The silence of our Lord in the Gospels respecting any doctrine of atonement and sacrifice, the variety of expressions which occur in other parts of the New Testament, the fluctuation and uncertainty both of the Church and individuals on this subject in after ages, incline us to agree with Gregory Nazianzen, that the death of Christ is one of those points of faith ‘about which it is not dangerous to be mistaken.’ And the sense of the imperfection of language and the illusions to which we are subject from the influence of past ideas, the consciousness that doctrinal perplexities arise chiefly from our transgression of the limits of actual knowledge, will lead us to desire a very simple statement of the work of Christ; a statement, however, in accordance with our moral ideas, and one which will not shift and alter with the metaphysical schools of the age; one, moreover, which runs no risk of being overthrown by an increasing study of the Old Testament or of ecclesiastical history. Endless theories there have been (of which the preceding sketch contains only a small portion), and many more there will be as time goes on, like mystery plays, or sacred dramas (to adapt Lord Bacon’s image), which have passed before the Church and the world. To add another would increase the confusion: it is ridiculous to think of settling a disputed point of theology unless by some new method. That other method can only be a method of agreement; little progress has been made hitherto by the method of difference. It is not reasonable, but extremely unreasonable, that the most sacred of all books should be the only one respecting the interpretation of which there is no certainty; that religion alone should be able to perpetuate the enmities of past ages; that the influence of words and names, which secular knowledge has long shaken off, should still intercept the natural love of Christians towards one another and their Lord. On our present subject there is no difficulty in finding a basis of reconciliation; the way opens when logical projections are removed, and we look at the truth in what may be rightly termed a more primitive and Apostolical manner. For all, or almost all, Christians would agree that in some sense or other we are reconciled to God through Christ; whether by the atonement and satisfaction which He made to God for us, or by His manifestation of the justice of God or love of God in the world, by the passive obedience of His death or the active obedience of His life, by the imputation of His righteousness to us or by our identity and communion with Him, or likeness to Him, or love of Him; in some one of these senses, which easily pass into each other, all would join in saying that ‘He is the way, the truth, and the life.’ And had the human mind the same power of holding fast points of agreement as of discerning differences, there would be an end of the controversy.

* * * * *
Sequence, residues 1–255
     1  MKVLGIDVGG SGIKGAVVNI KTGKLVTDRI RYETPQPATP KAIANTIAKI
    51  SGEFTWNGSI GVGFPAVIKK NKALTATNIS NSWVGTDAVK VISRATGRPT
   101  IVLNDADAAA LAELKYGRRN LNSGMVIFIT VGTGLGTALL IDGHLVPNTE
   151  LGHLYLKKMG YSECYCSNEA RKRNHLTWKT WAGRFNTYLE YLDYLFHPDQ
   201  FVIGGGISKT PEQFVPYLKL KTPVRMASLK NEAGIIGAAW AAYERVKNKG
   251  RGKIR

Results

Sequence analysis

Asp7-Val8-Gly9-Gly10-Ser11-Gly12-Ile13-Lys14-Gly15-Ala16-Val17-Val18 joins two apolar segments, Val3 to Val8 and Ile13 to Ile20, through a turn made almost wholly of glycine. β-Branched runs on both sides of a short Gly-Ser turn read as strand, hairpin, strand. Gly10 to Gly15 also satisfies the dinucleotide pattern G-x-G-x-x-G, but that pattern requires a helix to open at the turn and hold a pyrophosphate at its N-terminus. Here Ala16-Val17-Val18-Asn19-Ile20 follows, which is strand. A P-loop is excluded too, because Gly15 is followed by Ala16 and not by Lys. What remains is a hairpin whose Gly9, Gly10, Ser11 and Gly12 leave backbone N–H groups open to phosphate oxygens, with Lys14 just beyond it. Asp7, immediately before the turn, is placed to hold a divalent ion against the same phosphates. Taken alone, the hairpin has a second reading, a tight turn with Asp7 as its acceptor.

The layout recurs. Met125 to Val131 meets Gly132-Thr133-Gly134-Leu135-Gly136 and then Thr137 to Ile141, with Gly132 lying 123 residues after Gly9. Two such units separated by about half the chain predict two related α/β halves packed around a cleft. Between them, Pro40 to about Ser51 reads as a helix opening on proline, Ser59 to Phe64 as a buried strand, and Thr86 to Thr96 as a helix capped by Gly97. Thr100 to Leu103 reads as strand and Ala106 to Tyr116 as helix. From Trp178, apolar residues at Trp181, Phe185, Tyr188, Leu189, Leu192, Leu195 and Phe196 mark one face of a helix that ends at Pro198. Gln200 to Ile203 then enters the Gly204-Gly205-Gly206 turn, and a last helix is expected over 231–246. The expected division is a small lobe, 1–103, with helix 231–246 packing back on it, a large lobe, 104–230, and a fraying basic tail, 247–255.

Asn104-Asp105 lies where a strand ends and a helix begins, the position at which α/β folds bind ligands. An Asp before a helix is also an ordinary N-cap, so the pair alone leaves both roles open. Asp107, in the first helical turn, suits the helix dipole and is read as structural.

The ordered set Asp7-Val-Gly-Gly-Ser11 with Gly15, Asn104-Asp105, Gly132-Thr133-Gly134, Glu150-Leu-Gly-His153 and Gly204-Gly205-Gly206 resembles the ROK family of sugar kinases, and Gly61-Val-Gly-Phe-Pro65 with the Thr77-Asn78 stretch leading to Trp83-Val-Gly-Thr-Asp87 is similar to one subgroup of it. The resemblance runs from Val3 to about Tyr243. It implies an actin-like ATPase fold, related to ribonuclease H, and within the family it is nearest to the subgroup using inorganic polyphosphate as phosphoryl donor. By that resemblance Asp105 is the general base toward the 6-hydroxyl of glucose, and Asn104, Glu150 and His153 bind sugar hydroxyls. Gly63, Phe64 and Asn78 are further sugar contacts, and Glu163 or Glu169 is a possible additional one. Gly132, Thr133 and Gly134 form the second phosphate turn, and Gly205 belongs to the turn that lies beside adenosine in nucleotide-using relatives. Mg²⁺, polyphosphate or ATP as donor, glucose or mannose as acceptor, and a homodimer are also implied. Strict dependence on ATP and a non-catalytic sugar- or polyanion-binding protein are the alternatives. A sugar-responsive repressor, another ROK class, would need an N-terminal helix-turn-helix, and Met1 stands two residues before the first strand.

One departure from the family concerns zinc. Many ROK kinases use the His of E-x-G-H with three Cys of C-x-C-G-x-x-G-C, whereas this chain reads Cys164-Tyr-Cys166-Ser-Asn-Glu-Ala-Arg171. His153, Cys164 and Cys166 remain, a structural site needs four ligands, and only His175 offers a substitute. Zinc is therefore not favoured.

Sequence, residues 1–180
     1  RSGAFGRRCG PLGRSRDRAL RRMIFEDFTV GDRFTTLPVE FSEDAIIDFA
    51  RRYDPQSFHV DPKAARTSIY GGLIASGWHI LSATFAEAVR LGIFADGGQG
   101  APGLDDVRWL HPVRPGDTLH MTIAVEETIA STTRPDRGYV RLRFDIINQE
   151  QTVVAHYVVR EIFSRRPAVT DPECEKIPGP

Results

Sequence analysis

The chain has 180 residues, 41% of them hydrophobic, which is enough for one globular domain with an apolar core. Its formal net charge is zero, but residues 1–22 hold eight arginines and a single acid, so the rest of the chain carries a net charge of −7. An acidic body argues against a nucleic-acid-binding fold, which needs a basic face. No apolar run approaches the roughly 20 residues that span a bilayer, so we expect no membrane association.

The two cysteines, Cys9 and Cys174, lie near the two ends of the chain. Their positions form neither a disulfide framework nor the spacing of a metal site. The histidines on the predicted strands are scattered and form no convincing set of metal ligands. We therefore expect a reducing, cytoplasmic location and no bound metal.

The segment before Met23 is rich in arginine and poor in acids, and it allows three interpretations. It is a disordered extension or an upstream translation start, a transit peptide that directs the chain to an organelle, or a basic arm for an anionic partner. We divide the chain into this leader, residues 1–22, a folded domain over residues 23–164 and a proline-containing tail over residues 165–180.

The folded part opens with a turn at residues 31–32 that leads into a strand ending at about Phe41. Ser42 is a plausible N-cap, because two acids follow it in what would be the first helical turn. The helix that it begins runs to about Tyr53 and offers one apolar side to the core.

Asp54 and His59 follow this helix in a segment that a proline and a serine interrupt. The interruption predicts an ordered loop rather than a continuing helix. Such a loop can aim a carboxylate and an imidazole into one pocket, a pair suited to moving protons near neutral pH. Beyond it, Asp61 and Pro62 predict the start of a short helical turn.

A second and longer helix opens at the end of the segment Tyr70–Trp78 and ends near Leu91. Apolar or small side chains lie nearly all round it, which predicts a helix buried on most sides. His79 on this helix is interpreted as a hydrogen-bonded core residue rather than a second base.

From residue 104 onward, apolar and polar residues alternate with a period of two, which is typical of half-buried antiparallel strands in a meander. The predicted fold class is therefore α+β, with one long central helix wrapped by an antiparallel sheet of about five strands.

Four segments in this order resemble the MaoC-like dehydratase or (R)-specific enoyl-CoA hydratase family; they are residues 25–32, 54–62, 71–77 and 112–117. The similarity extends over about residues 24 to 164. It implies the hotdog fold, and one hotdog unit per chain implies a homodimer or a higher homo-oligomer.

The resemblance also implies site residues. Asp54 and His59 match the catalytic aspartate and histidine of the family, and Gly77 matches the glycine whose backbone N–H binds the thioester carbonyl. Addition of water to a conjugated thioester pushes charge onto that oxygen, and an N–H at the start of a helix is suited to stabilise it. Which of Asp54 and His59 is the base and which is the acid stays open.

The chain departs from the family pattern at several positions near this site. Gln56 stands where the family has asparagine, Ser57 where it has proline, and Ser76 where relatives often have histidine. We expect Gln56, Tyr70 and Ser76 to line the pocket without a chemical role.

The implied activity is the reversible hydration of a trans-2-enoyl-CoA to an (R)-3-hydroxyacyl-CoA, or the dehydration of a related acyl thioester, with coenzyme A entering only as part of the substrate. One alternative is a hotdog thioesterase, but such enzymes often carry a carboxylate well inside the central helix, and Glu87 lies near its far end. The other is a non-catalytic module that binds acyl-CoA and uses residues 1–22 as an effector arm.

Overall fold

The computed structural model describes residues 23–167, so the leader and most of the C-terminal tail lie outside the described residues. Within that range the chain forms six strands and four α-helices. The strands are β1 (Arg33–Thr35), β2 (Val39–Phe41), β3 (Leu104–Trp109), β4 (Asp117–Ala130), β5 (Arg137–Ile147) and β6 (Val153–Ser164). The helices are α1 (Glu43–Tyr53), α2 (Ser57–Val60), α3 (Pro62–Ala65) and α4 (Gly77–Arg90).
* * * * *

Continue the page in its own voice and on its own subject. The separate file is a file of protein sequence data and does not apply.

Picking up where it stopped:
The statements of Scripture respecting the work of Christ are very simple, and may be used without involving us in the determination of these differences. We can live and die in the language of St. Paul and St. John; there is nothing there repugnant to our moral sense. We have a yet higher authority in the words of Christ himself. Only in repeating and elucidating these statements, we must remember that Scripture phraseology is of two kinds, simple and figurative, and that the first is the interpretation of the second. We must not bring the New Testament into bondage to the Old, but ennoble and transfigure the Old by the New.
First; the death of Christ may be described as a sacrifice. But what sacrifice? Not ‘the blood of bulls and of goats, nor the ashes of an heifer sprinking the unclean,’ but the living sacrifice ‘to do thy will, O God.’ It is a sacrifice which is the negation of sacrifice; ‘Christ the end of the law to them that believe.’ Peradventure, in a heathen country, to put an end to the rite of sacrifice ‘some one would even dare to die;’ that expresses the relation in which the offering on Mount Calvary stands to the Levitical offerings. It is the death of what is outward and local, the life of what is inward and spiritual: ‘I, if I be lifted up from the earth, shall draw all men after me;’ and ‘Neither in this mountain nor at Jerusalem shall ye worship the Father.’ It is the offering up of the old world on the cross; the law with its handwriting of ordinances, the former man with his affections and lusts, the body of sin with its remembrances of past sin. It is the New Testament revealed in the blood of Christ, the Gospel of freedom, which draws men together in the communion of the spirit, as in St. Paul’s time without respect of persons and nations, so in our own day without regard to the divisions of Christendom. In the place of Churches, priesthoods, ceremonials, systems, it puts a moral and spiritual principle which works with them, not necessarily in opposition to them, but beside or within them, to renew life in the individual soul.